“Once Again” by “Conway”


“Conway”, my pseudonymous correspondent at a maximum-security prison in central California, has gone another round in our poetry war with “Once Again”, a response to my poem “A Difference of Opinion”, which was itself inspired by Stephen Dobyns’ “Artistic Matters” from his 1996 book Common Carnage. And the beat goes on…

A Difference of Opinion
by Jendi Reiter (1996)

Once there was only the mud
and one-celled things with just enough 
internal to themselves to be alive,

but too soft to fossilize, leaving no trace
of themselves in history except the evolved 
for whose sake billions of them were flung away 
    by nature

like soldiers or confetti.
Finally the moment came
when they began to prey upon one another,

cell against cell, and only then
did nature sit back in satisfaction
to watch the sharp beauty of spikes grow,

the monumental callousness of armor,
the cunning of hooks, all the hard immortal 
that make scientists exclaim, “Wonderful life

in which there are so many things to study!”,
as Cain’s children cried,
those founders of music and brass and 
    iron artifice.

To be a predator is to know many things.
The prey knows one big thing: how to run.
From this single-mindedness the idea of 
    purity grew.

That took care of us for centuries.
Now we know only many little things again,
but purity makes us fear to let them collide.

For nature, who fears no decisions,
the purpose of difference is war.
The best head may arise,

a brighter feather, a harder hand.
Of all the newborn spiders casting their threads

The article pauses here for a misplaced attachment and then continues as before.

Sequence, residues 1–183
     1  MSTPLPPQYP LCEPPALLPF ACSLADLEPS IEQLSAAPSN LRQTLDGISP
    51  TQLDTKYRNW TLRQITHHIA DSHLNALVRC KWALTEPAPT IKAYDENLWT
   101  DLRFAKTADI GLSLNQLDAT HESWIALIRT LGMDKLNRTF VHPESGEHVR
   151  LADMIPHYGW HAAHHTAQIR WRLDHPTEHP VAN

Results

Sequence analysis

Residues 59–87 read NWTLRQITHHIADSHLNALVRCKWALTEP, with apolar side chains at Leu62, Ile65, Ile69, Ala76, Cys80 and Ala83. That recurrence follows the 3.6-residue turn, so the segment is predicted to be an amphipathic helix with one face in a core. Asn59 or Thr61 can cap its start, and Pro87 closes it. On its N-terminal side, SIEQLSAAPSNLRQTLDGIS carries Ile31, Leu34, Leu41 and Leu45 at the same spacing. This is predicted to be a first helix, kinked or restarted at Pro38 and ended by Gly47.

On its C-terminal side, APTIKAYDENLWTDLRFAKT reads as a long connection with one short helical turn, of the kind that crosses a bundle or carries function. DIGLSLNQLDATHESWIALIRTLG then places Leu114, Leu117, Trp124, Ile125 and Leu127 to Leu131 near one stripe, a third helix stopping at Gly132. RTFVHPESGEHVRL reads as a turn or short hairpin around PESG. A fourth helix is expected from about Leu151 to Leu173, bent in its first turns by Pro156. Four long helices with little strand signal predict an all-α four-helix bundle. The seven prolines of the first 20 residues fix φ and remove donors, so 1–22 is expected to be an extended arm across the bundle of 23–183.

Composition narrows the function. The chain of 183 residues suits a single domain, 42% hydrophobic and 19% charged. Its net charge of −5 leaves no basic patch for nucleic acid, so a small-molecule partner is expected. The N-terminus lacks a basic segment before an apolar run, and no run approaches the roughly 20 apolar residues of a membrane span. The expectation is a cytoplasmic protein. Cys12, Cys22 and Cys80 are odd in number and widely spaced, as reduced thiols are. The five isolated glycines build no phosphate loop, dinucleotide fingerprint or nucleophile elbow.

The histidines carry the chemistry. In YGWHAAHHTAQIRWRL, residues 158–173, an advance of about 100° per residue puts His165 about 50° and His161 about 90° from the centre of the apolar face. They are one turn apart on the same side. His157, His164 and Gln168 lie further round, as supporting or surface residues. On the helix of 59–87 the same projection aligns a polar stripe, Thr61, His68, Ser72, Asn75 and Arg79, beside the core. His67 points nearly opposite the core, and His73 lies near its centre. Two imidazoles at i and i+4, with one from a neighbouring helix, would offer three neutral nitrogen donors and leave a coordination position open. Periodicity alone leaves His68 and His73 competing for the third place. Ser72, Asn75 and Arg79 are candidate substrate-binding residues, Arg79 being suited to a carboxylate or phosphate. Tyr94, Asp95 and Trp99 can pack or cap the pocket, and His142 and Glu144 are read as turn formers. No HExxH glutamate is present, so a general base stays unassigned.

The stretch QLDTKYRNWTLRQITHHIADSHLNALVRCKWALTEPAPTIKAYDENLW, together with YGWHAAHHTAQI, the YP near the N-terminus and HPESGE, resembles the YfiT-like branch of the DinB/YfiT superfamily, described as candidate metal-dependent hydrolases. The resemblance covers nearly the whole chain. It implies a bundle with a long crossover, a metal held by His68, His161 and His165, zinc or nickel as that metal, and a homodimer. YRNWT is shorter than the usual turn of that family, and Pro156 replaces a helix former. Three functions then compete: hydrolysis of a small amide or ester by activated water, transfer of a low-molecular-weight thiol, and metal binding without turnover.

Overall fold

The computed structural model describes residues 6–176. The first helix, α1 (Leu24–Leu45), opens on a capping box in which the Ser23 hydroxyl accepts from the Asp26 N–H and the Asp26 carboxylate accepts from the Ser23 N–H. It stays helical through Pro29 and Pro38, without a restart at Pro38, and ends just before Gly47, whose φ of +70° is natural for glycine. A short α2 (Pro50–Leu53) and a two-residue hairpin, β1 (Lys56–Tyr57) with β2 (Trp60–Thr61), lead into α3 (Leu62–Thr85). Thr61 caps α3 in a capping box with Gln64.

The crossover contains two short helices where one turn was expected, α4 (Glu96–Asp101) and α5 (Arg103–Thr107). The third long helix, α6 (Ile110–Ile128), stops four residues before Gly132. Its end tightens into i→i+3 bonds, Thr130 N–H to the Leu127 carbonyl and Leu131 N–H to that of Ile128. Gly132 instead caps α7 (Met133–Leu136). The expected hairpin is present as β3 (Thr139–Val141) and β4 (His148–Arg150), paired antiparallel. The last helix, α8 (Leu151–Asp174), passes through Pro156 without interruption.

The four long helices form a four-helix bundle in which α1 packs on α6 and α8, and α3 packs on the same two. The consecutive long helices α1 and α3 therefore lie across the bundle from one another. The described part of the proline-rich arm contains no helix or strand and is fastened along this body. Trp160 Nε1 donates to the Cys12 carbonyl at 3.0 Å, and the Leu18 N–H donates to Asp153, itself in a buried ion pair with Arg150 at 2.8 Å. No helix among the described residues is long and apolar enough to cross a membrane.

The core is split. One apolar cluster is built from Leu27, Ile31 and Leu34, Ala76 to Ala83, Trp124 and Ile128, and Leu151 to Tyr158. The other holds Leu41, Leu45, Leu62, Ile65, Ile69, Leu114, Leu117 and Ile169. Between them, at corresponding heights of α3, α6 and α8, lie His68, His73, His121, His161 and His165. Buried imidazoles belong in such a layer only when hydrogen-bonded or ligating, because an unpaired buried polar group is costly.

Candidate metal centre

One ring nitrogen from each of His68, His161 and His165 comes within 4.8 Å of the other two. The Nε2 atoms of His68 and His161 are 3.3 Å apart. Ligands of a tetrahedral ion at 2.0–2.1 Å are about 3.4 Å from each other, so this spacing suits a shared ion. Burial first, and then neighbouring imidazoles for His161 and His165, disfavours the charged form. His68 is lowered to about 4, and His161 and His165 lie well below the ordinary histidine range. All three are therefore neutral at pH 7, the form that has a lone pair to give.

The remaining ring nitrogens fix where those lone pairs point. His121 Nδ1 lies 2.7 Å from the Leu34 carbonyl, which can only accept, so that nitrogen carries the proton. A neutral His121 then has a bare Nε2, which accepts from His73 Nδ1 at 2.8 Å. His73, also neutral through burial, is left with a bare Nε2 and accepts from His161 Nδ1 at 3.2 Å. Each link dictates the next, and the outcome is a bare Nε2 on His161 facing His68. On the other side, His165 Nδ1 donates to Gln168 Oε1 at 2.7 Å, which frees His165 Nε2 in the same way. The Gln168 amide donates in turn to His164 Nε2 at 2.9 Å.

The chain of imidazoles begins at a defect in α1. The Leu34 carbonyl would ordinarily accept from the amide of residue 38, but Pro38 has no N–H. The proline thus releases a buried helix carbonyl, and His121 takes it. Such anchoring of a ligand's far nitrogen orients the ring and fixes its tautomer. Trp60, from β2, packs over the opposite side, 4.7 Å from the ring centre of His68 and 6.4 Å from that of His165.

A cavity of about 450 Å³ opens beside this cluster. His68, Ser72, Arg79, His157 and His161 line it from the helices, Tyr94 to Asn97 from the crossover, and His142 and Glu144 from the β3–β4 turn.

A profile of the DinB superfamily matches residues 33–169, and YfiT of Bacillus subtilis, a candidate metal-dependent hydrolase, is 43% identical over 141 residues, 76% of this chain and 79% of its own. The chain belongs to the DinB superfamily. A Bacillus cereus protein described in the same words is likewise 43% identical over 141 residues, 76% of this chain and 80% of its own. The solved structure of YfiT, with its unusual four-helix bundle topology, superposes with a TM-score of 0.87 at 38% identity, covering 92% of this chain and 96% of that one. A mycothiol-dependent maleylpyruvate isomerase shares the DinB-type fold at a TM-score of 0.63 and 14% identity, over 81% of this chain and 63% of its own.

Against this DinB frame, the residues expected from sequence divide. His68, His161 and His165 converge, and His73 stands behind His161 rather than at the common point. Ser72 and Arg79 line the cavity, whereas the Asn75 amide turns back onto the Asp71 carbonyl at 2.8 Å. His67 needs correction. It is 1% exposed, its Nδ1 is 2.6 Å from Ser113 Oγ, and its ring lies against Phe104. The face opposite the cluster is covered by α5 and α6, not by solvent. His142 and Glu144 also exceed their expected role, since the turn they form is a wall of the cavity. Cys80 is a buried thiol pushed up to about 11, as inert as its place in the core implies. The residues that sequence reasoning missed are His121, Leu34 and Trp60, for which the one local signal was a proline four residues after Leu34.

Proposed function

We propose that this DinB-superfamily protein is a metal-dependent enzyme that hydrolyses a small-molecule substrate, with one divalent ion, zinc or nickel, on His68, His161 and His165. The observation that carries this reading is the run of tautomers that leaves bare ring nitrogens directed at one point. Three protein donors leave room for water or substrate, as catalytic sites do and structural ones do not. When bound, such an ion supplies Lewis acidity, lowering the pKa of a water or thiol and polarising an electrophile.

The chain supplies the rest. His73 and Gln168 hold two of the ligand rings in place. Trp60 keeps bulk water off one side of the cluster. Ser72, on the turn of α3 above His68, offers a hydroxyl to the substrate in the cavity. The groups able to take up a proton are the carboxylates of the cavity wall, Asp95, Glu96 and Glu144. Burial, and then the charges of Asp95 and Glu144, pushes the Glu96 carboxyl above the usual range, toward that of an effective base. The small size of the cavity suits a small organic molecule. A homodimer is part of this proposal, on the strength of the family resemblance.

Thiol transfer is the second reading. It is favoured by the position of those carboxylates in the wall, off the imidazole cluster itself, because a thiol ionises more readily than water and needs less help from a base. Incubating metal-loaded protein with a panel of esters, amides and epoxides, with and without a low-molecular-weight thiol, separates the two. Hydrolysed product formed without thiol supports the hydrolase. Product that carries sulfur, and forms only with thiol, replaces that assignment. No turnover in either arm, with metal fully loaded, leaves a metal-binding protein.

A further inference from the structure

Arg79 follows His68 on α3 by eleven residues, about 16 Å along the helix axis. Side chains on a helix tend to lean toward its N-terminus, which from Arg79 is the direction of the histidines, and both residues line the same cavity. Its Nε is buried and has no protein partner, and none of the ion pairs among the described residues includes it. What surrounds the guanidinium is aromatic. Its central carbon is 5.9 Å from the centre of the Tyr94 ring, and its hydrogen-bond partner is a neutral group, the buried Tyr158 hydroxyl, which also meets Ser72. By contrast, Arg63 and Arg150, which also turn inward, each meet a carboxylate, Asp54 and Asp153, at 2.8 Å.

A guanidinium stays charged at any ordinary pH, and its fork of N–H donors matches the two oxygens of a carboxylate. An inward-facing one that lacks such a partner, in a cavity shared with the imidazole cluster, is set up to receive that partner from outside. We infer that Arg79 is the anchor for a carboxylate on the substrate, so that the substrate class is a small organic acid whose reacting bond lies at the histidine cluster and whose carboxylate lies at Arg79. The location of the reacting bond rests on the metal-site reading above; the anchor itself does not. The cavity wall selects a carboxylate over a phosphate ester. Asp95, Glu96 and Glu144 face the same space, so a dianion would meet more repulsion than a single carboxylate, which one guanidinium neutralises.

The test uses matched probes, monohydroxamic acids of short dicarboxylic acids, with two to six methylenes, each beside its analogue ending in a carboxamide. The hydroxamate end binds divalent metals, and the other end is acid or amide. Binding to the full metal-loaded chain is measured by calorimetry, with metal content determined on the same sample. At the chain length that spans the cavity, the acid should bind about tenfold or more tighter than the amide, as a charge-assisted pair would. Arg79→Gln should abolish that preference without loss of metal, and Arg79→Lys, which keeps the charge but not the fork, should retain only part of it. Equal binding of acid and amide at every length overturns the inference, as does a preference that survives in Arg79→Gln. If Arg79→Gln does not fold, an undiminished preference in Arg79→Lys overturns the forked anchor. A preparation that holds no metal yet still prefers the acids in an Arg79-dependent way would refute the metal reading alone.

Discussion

on the wind
a few survive, the rest are birds’ food and 

The purpose of speech is hesitation.
Even utopias can’t be discussed
in case the lion and the lamb

have a difference of opinion,
the lamb feeling entitled to a paradise of 
    its own
where it needn’t pretend to forgive

the lion, who simply wants to go on
being haughty and idle and unshaven.
That black fly keeps buzzing and banging against 
    the window

of your study, disturbing the reasoning
of the opinions you’re writing. What keeps you
from crushing it with your thumb?


Once Again
by Conway (2007)

An Amoeba brought forth a cure
the lure of life, end of boredom
from the dull lull of granite.

Then, incontent to be alone
it detached, dated itself (literally)
connections were made, to be broken

leaving a token to share, or
care for, when splitsville came.
For shame! could this be incest?

We detest the word, action
but that bird, those bees, flowers
trees all carry the same obnoxious disease.

Life, O’so simple the sound
that separates us from dirt
the ground that becomes granite.

Is this all we can expect of our planet
or will we be separated again
like an amoeba to begin

a separation nullified
the preparation multiplied, infin.;
to be tossed in a soup

as the stomach turns, churns
“these are the days of our lives”
brought to you by, our sponsor.

That all mighty amoeba, he who
she do — always leave you
alone to split, then spit again

on the hand that feeds
or lonely heart that pleads
bleeds the land then leaves

a mess, of amoeba bodies strewn
behind the trail instead, wed
as earth swallows up her dead.

So now you see, the dirt
is not so boring as once thought
for here the granite’s caught

feeding while it sleeps
seeding though life weeps
through the soil of earth.

We find nature in this story
the glory of our planet
from the dull lull of granite…

3 comments on ““Once Again” by “Conway”

  1. Patricia Herny says:

    I noticed a phrase in my brothers poem that says”these are the days of our lives”,that was of the soaps our mother used to watch when were growing up.My brother has quite strange sense of humor sometimes.

  2. Deena says:

    Now thatÂ’s sbutle! Great to hear from you.

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